THIS is my theory: if one lives by the sea, one must be reconciled to always living with a grain of sand.
The final days of the old year deposit our family on the southern coast of Cebu. The sullen sky, the turbulence of the surf and the chill in the air create a spell of solitude that keeps away weekend worshippers but summons us, who crave a rest from the festivities ushering in a new year.
Yet, while it’s true that we want some respite from holiday-making, it’s also misleading to give the impression that the coastal solitude at this time of the year is quiet and placid.
For one, the sea, like any creature of moods, is never silent. One dawn I woke up suddenly. It took me a second to realize what I was missing: the violence of the surf pounding the shore. Only when I flexed my toes and touched the inevitable grains of sand on the bed did I realize I was where I was when I had gone to sleep.
As a child, I already realized that sand leaves the longest memory of interludes at the coast. Whenever it was time to go home, we children were told to rinse our feet and sandals for the last time in the sea.
Yet, no matter how carefully and slowly we walked back to the car, there would always be sand sticking at the back of our legs. The more one rinsed, the more sand clung. It pleased me to always hold off going home by hollering I would wade “one last time”.
Only to find, weeks later, in the middle of a gym session, I would be fingering sand in the pocket of a pair of shorts I waded in at sea.
I brushed sand again when I watched the works exhibited by Raymund L. Fernandez in his SM City Cebu retrospective, “Bulahan ang Bunga sa Tiyan Mo,” from Dec. 23, 2011 to Jan. 4, 2012.
Mons, my former teacher and now colleague at the University of the Philippines Cebu, gathers works that touch on the religious. In an interview, he said that for his first one-man show in over 10 years, he had to choose between this theme and nudes, the other significant body of works he’s made over the years.
Those with greater empathy for the flesh than the spirit should still visit the exhibit. As an artist, Mons has never been caged in by themes. The “Bulahan” works rub raw my preconceptions of spirituality.
His “Belen” is a block of bayong carved to show the dominant visage of St. Joseph and the smaller image of the Virgin Mary, cupping a Niño, a reversal of roles in all the stories of the manger birth I’ve heard.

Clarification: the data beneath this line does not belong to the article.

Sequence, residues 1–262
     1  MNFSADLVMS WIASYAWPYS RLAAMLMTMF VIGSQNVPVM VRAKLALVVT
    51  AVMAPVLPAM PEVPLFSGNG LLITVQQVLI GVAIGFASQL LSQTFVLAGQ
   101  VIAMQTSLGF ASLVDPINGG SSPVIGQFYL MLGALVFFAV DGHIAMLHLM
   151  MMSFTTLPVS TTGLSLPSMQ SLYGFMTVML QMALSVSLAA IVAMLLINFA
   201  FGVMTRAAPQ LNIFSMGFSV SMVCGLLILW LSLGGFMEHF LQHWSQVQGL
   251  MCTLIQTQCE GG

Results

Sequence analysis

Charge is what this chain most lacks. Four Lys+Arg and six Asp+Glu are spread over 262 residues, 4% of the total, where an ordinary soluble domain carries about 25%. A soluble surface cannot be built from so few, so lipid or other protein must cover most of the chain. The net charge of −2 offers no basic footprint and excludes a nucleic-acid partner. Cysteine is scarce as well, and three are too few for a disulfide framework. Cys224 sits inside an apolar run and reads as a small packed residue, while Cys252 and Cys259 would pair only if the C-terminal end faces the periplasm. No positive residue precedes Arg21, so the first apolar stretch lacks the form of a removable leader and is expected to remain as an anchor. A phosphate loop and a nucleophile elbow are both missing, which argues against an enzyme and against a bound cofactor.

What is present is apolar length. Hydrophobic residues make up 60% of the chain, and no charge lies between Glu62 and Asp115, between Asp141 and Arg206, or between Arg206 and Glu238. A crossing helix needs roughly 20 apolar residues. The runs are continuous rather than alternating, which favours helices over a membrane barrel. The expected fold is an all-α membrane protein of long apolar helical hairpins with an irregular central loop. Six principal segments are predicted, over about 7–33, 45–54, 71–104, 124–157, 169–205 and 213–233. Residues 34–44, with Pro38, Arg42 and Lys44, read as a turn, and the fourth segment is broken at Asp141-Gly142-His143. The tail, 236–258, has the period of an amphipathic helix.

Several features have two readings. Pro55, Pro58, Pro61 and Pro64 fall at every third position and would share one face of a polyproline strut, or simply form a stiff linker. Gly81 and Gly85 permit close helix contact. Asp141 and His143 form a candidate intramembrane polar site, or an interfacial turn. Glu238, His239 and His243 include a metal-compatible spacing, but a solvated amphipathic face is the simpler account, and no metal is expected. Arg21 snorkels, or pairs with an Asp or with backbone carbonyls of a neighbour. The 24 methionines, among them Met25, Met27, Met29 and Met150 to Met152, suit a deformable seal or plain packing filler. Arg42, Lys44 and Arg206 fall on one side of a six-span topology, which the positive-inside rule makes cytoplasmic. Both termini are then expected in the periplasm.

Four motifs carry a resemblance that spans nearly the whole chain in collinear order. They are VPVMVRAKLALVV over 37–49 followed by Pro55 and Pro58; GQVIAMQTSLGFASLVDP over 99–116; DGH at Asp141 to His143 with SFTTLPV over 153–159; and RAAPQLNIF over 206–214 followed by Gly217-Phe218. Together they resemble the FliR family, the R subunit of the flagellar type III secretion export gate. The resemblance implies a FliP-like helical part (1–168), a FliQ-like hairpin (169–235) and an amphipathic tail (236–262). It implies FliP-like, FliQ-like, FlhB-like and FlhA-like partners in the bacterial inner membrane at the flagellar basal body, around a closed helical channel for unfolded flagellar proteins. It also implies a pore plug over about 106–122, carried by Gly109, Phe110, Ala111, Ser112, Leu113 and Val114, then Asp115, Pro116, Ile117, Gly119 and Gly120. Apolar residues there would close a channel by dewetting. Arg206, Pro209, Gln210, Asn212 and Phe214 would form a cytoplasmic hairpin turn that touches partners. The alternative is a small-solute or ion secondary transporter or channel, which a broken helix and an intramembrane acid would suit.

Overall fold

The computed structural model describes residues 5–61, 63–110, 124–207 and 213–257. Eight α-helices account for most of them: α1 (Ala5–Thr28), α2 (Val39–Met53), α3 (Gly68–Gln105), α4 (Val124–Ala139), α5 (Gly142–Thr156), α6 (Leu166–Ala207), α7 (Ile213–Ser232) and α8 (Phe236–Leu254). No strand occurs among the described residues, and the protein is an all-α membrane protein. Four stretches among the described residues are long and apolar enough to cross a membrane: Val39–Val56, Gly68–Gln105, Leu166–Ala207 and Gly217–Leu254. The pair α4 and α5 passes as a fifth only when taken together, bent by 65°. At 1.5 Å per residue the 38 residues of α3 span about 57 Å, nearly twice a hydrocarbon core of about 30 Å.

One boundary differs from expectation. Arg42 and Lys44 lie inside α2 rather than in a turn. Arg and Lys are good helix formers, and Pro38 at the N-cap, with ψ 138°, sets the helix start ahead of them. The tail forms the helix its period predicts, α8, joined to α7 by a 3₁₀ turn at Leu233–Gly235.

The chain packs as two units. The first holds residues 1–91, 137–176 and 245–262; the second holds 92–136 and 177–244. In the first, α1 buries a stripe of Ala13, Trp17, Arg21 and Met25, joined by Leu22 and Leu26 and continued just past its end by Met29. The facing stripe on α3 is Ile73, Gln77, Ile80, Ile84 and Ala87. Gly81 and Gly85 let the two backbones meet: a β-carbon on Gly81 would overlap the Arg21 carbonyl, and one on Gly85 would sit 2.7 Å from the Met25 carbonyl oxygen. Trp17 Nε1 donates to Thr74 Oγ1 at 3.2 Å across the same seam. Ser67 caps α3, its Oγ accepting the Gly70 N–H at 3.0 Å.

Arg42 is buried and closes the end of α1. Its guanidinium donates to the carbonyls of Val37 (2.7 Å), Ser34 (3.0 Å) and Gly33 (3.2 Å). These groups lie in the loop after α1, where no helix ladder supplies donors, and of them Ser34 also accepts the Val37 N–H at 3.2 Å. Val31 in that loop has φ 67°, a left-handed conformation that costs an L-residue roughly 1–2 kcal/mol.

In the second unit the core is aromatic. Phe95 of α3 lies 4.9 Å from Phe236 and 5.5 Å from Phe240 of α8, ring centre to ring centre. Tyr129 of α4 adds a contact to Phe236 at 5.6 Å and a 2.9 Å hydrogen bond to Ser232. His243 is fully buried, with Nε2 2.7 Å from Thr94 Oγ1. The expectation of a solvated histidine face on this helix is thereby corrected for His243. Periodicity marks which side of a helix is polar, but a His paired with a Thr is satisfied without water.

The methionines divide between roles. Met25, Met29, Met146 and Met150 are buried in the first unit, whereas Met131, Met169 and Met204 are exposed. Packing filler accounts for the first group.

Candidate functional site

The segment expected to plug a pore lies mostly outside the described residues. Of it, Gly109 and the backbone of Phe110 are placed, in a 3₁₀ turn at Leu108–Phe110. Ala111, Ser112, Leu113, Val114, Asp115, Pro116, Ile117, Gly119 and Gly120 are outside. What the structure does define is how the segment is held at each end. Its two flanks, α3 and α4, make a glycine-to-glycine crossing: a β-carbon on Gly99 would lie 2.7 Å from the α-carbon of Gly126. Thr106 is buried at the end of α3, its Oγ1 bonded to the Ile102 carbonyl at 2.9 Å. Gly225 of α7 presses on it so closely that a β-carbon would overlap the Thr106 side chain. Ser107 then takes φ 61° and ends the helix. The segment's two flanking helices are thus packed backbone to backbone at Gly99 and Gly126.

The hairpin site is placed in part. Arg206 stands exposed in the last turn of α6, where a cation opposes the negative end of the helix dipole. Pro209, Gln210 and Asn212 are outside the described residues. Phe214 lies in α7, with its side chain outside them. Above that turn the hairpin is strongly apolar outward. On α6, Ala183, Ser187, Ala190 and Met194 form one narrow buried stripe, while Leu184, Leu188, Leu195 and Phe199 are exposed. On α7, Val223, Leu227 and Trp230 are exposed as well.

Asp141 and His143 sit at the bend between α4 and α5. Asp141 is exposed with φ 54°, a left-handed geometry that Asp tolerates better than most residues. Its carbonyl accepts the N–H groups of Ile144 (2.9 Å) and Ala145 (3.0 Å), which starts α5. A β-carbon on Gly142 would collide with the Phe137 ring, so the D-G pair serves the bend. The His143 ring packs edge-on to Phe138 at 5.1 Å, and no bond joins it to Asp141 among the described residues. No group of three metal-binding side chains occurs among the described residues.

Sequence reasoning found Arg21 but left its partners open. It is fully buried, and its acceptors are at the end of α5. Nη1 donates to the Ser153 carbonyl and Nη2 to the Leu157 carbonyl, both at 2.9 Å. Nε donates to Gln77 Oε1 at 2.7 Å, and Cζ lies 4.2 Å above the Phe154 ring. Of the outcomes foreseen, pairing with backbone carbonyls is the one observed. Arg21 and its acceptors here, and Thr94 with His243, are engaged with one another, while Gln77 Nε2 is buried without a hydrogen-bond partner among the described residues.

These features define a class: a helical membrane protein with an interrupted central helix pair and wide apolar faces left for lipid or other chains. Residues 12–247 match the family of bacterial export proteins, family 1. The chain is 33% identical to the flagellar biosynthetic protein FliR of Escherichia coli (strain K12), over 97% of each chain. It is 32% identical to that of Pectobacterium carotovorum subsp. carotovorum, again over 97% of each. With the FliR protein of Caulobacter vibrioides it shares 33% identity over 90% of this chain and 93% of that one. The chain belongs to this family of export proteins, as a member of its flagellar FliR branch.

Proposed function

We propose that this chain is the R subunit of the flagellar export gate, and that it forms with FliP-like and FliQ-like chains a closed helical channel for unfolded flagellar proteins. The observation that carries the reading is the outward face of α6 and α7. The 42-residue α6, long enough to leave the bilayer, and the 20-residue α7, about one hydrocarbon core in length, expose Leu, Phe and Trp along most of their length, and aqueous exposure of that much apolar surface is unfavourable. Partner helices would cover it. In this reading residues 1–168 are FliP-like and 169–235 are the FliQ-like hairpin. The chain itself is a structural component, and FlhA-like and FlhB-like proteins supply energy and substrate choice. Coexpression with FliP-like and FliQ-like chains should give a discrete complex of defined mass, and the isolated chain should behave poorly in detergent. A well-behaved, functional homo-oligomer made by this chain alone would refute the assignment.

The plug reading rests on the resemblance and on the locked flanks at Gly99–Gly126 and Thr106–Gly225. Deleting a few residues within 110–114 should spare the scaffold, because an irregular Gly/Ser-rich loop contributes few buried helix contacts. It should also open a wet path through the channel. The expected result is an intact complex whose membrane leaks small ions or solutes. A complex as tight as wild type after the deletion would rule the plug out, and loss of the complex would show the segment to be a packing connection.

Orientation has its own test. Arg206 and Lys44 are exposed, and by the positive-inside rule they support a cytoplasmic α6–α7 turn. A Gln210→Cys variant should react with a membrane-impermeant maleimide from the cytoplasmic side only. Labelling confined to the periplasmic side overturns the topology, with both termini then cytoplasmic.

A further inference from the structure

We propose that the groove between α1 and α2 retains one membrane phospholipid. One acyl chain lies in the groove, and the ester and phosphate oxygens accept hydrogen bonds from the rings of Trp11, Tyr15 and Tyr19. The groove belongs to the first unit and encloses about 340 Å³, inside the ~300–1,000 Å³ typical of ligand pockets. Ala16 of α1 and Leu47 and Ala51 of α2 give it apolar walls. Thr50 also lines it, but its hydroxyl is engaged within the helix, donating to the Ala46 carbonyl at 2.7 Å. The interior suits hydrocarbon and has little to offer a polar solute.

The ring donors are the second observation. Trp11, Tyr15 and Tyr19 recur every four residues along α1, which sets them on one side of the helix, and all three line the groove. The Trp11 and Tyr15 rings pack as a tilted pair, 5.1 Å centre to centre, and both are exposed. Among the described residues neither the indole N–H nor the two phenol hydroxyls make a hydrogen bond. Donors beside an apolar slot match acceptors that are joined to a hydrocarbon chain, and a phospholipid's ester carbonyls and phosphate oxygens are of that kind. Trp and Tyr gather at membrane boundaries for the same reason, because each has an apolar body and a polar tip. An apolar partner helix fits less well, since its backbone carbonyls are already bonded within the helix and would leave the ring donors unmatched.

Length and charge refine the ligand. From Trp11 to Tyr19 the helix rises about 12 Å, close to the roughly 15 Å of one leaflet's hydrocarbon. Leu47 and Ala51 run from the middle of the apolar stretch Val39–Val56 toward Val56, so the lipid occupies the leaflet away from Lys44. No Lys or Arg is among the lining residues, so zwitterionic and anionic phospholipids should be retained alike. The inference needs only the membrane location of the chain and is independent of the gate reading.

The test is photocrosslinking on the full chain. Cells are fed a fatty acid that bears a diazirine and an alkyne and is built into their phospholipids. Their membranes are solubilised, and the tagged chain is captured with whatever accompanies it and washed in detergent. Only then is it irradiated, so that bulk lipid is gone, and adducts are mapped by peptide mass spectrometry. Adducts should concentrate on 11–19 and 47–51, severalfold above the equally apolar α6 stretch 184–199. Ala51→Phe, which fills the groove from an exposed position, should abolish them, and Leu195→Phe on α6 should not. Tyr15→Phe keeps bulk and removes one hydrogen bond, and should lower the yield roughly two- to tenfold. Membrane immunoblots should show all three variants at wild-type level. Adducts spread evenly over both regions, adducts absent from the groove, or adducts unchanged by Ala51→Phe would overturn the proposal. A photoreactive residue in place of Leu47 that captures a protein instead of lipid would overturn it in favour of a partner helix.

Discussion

In “Sta. Maria Asuncion,” reportedly a 400-year-old found piece of molave illustrating the Assumption, the faces and the feet of the angel and Mary are distended in rapture I immediately associate with the sexual, having had no experience of the spiritual variety.
More curious is the story behind Mons’ “Bulahan ang Bunga sa Tiyan Mo,” which shows magkuno inlays portraying the face, hands and feet of Mary, set off against the molave body. It is not only the starkness of dark wood against white that startles. It is the realization that one is looking at an image of the pregnant Mary, an oddity in traditional iconography that shows Mary at the Annunciation, fast forward to Mary in the Manger, skipping other allusions of the flesh.
According to Mons, discussions over a possible commissioned work on Mary fell through. That same night, he dreamed of a woman sitting on a log, who then looks back at him and says, “I have for you a gift.” Waking up, he dismisses it as a “diabetic” dream.
On the same day, his brother, Londong, tells him about finding a molave trunk abandoned near their ancestral home in Dumanjug. It takes Mons another two years to finish the carving of Mary, which he later gives to the Congregation of St. John. While the sculpture was in progress, his younger son, Elias, often kissed the molave bump, a natural formation of the wood that inspires the “Bulahan” theme.
In “Timon,” a molave trunk carved to show a fisherman steering in a storm, I find a clue to Mons’ view of the religious shaping a life. What I mistook at first for a devil lashed by the storms of faith into covering his face is a mere mortal whose enormous feet express the tremendous effort of will and sinew to steer on course.
Faith is not passive acceptance. It is recognizing the anomalous, even doubt, to prove the existence of faith. Very much as a grain of sand brings back in a rush a whole interlude.
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*First published in Sun.Star Cebu’s Jan. 1, 2012 issue of the “Matamata” Sunday column